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Venezuela Raises Taxes on Luxury Items to Bolster Economy

FILE - A sculpture of oil workers — figures who represent an industry critical to Venezuela's economic well-being — decorates a sidewalk in Caracas, Oct. 23, 2014.

Venezuela will increase taxes on luxury goods, alcohol and tobacco to help shore up the government's finances, the top tax official said, as falling oil prices threaten the OPEC member's coffers.

Buyers of luxury goods, including cars worth more than $30,000, will pay an excise tax of 15 percent, up from 10 percent, tax chief Jose David Cabello said late Tuesday during a televised ceremony with President Nicolas Maduro.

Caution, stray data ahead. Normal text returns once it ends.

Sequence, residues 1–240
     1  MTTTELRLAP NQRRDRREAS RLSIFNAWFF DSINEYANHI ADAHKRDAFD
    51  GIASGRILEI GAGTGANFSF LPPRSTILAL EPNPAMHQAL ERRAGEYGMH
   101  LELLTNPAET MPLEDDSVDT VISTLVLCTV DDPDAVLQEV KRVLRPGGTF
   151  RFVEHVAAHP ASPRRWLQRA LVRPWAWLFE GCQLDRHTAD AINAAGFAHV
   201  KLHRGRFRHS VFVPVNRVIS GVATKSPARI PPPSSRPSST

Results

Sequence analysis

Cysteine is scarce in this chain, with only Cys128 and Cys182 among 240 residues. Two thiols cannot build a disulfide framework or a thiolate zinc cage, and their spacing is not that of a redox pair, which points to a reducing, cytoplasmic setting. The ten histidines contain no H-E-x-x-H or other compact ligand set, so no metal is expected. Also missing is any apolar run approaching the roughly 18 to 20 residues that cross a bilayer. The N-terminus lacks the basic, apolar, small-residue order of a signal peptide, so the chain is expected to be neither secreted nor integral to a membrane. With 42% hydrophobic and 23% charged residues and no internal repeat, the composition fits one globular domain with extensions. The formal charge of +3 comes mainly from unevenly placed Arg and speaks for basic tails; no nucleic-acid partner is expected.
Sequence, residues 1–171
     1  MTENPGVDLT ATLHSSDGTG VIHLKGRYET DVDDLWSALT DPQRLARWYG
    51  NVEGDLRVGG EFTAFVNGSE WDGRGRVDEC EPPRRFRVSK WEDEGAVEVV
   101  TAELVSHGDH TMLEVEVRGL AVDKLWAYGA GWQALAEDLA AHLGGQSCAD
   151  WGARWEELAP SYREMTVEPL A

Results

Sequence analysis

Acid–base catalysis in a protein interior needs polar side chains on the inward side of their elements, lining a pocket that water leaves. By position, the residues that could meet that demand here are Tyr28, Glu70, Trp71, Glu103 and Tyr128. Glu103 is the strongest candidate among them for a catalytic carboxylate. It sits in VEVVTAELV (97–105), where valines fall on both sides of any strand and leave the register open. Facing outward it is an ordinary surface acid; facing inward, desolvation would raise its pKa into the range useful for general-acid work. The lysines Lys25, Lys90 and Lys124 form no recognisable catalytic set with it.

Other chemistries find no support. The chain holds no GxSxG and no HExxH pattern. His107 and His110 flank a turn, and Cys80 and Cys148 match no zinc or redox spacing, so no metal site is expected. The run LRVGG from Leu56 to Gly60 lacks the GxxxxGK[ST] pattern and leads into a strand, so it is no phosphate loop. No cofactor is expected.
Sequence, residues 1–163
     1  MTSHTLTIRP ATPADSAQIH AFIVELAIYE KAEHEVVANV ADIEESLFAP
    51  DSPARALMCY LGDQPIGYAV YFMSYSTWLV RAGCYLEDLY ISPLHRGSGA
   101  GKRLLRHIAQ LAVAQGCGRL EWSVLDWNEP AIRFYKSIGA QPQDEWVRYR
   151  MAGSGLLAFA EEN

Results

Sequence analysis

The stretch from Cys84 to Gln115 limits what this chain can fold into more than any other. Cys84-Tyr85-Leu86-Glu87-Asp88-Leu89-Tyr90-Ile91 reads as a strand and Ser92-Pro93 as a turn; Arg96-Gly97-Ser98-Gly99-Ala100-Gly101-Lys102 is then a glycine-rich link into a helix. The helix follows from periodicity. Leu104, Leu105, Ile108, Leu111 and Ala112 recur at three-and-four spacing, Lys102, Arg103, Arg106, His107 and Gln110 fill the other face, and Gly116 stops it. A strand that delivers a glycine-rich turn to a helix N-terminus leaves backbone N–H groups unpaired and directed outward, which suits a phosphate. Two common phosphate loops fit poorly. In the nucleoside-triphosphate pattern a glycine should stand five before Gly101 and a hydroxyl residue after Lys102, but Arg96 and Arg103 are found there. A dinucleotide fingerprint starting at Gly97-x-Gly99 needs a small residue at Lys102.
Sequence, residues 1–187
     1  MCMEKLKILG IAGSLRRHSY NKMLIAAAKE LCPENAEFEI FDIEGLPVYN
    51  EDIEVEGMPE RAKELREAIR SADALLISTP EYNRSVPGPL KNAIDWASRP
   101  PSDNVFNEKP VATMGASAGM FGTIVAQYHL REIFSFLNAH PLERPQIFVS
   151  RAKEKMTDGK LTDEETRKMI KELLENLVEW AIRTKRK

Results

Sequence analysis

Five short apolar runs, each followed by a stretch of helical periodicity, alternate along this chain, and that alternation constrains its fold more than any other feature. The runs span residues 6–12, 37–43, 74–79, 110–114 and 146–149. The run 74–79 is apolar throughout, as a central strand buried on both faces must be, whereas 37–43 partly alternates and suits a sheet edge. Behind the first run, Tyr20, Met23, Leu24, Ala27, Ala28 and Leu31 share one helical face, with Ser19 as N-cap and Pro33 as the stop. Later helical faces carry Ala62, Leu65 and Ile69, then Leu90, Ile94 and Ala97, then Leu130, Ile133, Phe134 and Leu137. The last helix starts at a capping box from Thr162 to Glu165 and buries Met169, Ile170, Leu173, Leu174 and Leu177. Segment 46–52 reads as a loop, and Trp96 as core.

The measures, part of a package of 28 laws Maduro decreed to bolster the country's economy, increase tax rates on products such as wine and cigarettes while eliminating some tax benefits available to financial institutions.

"Who pays luxury taxes?" Cabello said during the ceremony. "People who buy yachts, planes, or large properties — people that make excess use of money."

Cabello on Wednesday clarified that the taxes would not affect beer, because it is "the most popular beverage."

Venezuela's economy is widely believed to be in recession, although the central bank has not published official GDP figures for this year.

A decline of nearly 30 percent the price of oil since June combined with inflation of above 60 percent and a sustained decline in international reserves has heightened investor concerns about the country's capacity to service debt.

Maduro has said his government has the resources to make the payments and has no intention of defaulting on bonds.